In the process of planning a sprint and allocating tasks amongst a team, there can be instances where some team members are being assigned a higher number of tasks, or tasks with higher difficulty. These higher workloads can impact the quality of work, time taken to complete tasks, engagement levels, etc. With such high levels of impact, effort allocation and workload balance become yet another item on the agenda for the retrospective. 

Feedback and discussion about these processes go a long way, but to get the complete picture and to identify the true inefficiencies in the planning and allocation processes, managers need to be equipped with factual data about effort allocation and workload management. Armed with this data, managers, and leaders can effectively plan upcoming sprints by allocating the right resources to the right tasks.

How to use Effort allocation metrics in sprint retrospective

Makers’ time 

Makers’ time is the dedicated slot of time that an engineer focuses on a task without context switching between tasks or other commitments. Common disturbances to makers’ time include meetings, messages, or notifications from work apps. These have a negative impact on the concentration and focus of the engineer as it can pull attention away from the task at hand and demand attention to something new. Going in and out of tasks frequently is shown to have adverse effects on one’s productivity and well-being.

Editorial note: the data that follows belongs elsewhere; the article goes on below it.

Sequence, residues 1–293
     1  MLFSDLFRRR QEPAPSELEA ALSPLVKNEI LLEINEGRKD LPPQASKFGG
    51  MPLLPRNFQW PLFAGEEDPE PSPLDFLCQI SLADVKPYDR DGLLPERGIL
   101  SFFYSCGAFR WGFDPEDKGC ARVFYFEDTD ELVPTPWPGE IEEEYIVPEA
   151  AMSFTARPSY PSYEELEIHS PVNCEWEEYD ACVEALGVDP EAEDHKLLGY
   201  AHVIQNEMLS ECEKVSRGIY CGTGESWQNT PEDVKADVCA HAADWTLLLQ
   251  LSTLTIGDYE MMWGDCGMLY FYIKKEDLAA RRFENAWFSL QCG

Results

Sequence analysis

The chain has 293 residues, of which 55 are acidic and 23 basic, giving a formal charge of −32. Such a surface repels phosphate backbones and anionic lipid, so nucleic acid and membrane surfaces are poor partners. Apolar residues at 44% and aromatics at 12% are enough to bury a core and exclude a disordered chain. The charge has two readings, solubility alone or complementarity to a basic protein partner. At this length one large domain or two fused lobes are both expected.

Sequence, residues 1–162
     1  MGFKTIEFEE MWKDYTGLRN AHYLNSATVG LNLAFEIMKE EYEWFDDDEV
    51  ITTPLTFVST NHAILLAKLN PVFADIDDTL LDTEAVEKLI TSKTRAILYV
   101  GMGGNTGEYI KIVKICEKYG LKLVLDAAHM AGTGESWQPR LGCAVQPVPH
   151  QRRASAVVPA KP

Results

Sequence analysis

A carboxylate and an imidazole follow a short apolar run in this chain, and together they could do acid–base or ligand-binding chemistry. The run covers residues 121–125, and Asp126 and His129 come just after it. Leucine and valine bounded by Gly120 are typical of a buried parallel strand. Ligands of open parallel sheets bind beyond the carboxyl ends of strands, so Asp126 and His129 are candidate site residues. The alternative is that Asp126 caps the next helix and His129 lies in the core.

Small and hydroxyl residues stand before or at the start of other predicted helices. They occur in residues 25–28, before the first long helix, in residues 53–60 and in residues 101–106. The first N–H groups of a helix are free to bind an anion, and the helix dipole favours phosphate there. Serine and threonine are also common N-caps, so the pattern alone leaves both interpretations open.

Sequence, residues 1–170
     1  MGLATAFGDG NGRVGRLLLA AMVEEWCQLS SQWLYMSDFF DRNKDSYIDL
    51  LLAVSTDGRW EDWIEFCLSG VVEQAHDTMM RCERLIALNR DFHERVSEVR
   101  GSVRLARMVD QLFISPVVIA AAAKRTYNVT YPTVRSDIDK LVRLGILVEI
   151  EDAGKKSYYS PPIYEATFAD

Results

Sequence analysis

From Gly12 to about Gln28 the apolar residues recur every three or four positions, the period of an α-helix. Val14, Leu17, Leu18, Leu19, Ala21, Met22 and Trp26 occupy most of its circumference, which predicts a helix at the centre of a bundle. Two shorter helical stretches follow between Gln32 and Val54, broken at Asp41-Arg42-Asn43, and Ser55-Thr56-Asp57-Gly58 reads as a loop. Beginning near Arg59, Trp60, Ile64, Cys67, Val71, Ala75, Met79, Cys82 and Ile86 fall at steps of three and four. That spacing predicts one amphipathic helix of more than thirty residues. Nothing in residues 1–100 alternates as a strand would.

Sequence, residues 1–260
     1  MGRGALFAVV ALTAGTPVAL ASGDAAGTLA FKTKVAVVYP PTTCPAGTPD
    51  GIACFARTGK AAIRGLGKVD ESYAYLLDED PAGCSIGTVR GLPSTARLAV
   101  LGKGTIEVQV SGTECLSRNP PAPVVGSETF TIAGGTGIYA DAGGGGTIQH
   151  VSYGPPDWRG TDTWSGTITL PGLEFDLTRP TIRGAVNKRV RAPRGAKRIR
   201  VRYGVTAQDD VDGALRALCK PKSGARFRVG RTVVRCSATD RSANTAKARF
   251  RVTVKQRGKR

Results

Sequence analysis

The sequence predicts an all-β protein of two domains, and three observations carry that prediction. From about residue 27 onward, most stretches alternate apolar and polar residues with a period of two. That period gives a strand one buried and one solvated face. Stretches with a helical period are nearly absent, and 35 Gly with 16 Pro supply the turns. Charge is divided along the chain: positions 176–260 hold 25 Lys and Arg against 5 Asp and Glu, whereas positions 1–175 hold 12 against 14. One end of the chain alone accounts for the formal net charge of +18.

Managers and leaders have always relied on feedback and conversations from the retrospectives to tackle that lack of makers’ time in their teams. Augmenting sprint retrospectives with work analytics means managers can combine qualitative feedback with data to identify the real reasons for the low makers’ time and devise effective strategies to boost makers’ time for individuals in their teams in the upcoming sprints.